The body has two types of defences to protect itself from pathogens.
- General and immediate barriers such as skin, to stop entry of pathogens.
- More specific, less rapid and longer-lasting.
Specific defences involve a type of white blood cell; lymphocytes.
- TH cells - Cell-mediated response
- TC cells- Cell- mediated response
- B cells- Humoral response.
How lymphocytes recognise self
- In foetus, lymphocytes are constantly colliding with each other.
- Infection in the foetus is rare- due to placenta.
- Threfore lymphocytes almost exclusively collide with self material.
- Some lymphocytes have receptors that fit those of the body's cells.
- Those lymphocytes either die or are suppressed.
- The lymphocytes that are left must fit non-self material. Therefore only respond to non-self.
- In adults Lymphocytes produced in the bone marrow initially only encounter self-antigens.
- Any lymphocytes that show an immune response to these self-antigens undergo apoptosis (programmed cell death), before they can mature lymphocytes.
- No clones of these anti-self lymphocytes will appear in the blood, leaving only those that might respons to non-self antigens.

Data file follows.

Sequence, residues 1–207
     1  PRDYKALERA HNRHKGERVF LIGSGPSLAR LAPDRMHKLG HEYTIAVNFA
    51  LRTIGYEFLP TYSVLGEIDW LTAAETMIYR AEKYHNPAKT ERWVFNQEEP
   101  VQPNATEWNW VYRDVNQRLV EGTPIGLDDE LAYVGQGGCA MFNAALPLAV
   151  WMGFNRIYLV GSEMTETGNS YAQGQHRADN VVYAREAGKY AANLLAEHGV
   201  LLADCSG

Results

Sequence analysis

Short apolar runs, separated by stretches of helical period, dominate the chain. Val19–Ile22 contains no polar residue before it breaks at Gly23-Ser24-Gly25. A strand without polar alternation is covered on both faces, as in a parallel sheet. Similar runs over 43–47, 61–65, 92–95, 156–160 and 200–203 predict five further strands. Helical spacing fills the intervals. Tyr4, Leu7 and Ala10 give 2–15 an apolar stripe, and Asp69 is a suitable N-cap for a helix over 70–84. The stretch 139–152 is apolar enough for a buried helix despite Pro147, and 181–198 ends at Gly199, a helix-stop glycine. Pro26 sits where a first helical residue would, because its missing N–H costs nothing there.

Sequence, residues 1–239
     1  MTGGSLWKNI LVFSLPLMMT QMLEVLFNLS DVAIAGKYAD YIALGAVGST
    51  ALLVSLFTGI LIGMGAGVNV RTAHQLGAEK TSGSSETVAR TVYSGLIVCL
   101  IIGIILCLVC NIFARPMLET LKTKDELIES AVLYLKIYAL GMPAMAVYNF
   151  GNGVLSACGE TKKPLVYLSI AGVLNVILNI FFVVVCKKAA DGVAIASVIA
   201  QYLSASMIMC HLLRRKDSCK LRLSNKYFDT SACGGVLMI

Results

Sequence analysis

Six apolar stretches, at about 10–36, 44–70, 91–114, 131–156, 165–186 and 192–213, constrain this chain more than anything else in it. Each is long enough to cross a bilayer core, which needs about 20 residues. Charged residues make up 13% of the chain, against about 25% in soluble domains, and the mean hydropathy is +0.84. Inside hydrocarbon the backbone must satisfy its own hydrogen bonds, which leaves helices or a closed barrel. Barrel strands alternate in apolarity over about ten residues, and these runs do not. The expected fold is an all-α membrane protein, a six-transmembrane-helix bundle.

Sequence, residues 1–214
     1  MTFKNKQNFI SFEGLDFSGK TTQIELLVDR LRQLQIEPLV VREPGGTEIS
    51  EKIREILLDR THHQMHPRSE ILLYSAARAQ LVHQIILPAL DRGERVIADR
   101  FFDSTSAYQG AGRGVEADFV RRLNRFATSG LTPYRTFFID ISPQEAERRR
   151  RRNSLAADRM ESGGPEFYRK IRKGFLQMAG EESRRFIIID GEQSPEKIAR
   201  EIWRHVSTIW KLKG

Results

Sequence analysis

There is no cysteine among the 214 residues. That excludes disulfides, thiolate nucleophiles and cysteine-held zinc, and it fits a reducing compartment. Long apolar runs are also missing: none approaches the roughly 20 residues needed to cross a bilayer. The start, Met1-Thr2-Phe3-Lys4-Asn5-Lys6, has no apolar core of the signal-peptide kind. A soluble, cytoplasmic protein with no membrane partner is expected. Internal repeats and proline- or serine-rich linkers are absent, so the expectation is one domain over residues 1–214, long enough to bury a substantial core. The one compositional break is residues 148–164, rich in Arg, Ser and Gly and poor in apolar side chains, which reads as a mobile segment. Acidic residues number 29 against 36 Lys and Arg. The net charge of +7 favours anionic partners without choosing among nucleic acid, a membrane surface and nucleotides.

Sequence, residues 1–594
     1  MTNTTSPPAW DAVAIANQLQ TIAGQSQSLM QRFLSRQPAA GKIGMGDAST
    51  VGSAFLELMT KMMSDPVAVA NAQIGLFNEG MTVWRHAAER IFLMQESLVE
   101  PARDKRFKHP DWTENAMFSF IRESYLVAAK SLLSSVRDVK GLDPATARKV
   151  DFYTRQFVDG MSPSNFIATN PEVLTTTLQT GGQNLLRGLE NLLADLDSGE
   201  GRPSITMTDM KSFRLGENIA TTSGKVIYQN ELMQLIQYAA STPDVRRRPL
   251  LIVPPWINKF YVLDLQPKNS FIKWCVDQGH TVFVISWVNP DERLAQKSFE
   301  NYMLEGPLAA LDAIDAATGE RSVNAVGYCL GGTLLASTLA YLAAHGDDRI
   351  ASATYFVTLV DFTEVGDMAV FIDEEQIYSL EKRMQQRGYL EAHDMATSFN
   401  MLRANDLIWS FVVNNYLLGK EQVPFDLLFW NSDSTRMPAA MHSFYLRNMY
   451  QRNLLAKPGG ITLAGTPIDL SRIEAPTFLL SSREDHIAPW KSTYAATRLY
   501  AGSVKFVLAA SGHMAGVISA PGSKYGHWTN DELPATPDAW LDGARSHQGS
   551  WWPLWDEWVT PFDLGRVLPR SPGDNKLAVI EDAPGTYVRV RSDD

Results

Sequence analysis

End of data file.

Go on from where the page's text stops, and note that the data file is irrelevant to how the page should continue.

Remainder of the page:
- The phagocyte is attracted to the pathogen as it releases chemical products.Therefore the phagocyte then moves towards to the pathogen.
- Phagocytes have serveral receptors on their cell-surface membrane that recognise, and attach to, chemicals on the surface of the pathogen.
- They engluf the pathogen to form a phagosome.
- Lysosomes move towards the phagosome and fuse with it.
- Lysozymes destroy the ingested bacteria by hydrolysis of their cell walls.
- The soluble products from the breakdown of the pathogen are absorbed into the cytoplasm of the phagocyte.
B- lymphocytes- They mature in the bone marrow. Involed in humoral immunity- which is immunity involving antibodies that are present in fluids.
T-lymphocytes- They mature in the thymus gland. Involved in Cell-mediated immunity- which is immunity involving body cells.